A sign should be hung above the entrances at PNC Park: “Abandon all hope, ye who enter here.”
Because it’s going to get worse before it gets better.
With attendance down 28 percent since last season and 44 percent since the Pirates won 98 games in 2015, a Pirates fire sale before the July 31 MLB trade deadline seems very likely.
Those reportedly being shopped include four starters — catcher Francisco Cervelli, outfielder Corey Dickerson, infielder Josh Harrison, shortstop Jordy Mercer — as well as backup infielder David Freese.
This isn’t about getting something for a free agent before he bolts for free. Only Dickerson and Mercer are out of contract at season’s end, with Dickerson still due one more year of arbitration. Cervelli and Freese will be free agents after the 2019 season, Harrison in 2020.
No, this is about chopping payroll drastically by way of avenging the dip in attendance. Like GM Neal Huntington recently implied, if more tickets aren’t sold, the roster will be weakened, and it will be the fans’ fault.
(What Huntington actually said was that the Pirates will add at the deadline if more tickets get sold. But Huntington knows what’s really going to happen, and so do you. Read between the lines. It’s not difficult.)
But why stop there?
With the Pirates under .500 and attendance swooning, it’s easy to imagine owner Bob Nutting indulging his insatiable greed and slashing expenses to the bone Chicago White Sox-style. Grind out profit by any means necessary. This year’s .474 winning percentage might ultimately be a relatively pleasant memory.
Any excuse made wouldn’t matter. The company line used to be believed, but not any more.
Remember when Neil Walker got traded to the New York Mets for Jon Niese following the 2015 season? When the Pirates began 2016 with Niese, Juan Nicasio and Ryan Vogelsong in a starting rotation that had included A.J. Burnett, J.A. Happ and Charlie Morton in 2015? When eight key components from a 98-win team were gone by the subsequent trade deadline?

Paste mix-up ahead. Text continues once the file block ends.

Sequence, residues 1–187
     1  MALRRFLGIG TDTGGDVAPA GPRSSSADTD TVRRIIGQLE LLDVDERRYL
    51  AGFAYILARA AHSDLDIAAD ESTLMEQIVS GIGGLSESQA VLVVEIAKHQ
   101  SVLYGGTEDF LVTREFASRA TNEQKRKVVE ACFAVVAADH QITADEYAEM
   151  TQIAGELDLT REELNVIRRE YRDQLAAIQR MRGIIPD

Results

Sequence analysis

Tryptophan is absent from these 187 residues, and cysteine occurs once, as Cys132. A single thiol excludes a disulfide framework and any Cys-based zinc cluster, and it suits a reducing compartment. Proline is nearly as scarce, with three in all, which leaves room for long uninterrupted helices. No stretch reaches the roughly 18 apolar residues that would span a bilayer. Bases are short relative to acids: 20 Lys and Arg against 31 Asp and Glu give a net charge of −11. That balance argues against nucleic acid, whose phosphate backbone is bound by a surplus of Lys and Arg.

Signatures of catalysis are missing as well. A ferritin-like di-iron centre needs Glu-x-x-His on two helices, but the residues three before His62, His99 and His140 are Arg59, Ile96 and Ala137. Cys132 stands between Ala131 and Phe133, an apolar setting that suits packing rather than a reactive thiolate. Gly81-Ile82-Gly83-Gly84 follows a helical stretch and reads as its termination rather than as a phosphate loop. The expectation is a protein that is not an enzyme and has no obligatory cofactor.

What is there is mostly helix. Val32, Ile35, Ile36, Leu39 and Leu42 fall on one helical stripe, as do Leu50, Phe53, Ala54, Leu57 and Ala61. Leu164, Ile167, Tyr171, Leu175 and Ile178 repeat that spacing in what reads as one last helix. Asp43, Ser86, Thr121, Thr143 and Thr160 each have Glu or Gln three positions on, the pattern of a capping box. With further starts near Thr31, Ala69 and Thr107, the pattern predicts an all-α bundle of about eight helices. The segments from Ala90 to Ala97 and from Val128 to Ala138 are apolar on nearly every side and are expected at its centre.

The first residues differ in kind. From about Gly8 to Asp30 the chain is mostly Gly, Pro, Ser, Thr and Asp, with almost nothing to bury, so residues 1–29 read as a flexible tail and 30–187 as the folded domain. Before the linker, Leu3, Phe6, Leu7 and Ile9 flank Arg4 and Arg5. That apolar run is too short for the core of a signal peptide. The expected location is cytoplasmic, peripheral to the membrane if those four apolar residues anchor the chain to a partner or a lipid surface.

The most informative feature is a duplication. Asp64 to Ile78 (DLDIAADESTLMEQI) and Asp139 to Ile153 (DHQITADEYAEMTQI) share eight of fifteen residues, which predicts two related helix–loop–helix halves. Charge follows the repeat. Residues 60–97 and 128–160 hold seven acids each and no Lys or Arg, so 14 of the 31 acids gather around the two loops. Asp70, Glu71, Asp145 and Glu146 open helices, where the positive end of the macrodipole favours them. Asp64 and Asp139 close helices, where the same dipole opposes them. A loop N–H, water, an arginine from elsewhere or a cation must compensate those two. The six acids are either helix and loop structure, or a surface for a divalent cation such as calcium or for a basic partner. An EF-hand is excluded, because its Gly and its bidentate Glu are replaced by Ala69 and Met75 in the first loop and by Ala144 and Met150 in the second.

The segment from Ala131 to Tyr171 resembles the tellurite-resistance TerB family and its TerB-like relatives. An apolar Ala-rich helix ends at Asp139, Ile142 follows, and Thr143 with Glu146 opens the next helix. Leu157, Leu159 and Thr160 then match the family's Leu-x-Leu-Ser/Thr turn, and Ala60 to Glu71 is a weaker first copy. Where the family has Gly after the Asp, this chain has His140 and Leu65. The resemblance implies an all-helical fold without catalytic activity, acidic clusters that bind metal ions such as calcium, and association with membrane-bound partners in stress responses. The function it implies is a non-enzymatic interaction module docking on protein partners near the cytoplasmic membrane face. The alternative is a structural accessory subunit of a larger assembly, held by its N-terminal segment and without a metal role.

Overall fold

Too many of you thought all that made sense. You believed in the “best management team in baseball.”
Since, it’s become obvious that what the Pirates say is always self-serving horse manure. That everything is executed in the name of profit.
Nutting’s avarice knows no boundaries. He hit a new level of shameless when the Pirates sent a letter to the Pennsylvania Gaming Control Board asking for a cut of tax revenue from legalized sports gambling.
Precedent dictates otherwise. The Pirates have no logical claim.
But if there’s free money to be had, Nutting’s hand will be out. The Pirates are worth $1.2 billion and made $86 million profit between 2017 and ’16. But why pay for the “maintenance and capital upkeep of PNC Park” when somebody else might be conned into doing it?
The Pirates get revenue sharing, TV money and cash from MLB’s tech sale. They enjoy a crazy number of revenue streams. Not much of it is truly earned. Most comes Nutting’s way simply because he owns a big league baseball team.
But all Nutting ever wants is more. How much is enough? The level of his rapacity is equal parts distasteful and incredible.
It might be a bit before ticket sales regenerate to the level of 2015, if ever.
The Pirates have lost a certain type of fan. Those who love the ballpark still go. Those indulging a family experience still go.
But those who want to win have stopped going, or go less. Those who sweat the result have had their pride and common sense nailed to the cross far too often. Those who live vicariously through the Pirates have been beaten down. It’s too frustrating. You feel stupid.
You feel cheated and conned, because you have been.
As mentioned, it’s going to get worse before it gets better. It’s probably going to get a lot worse.
The Pirates’ lease at PNC Park expires in 2030. Everything about Nutting suggests he will consider all options.
In Dante’s “Inferno,” there are nine circles of Hell.
PNC Park may yet be the 10th. Every game Sean Rodriguez and his .145 batting average are in the starting lineup, anyway.
Mark Madden hosts a radio show 3-6 p.m. weekdays on WXDX-FM (105.9).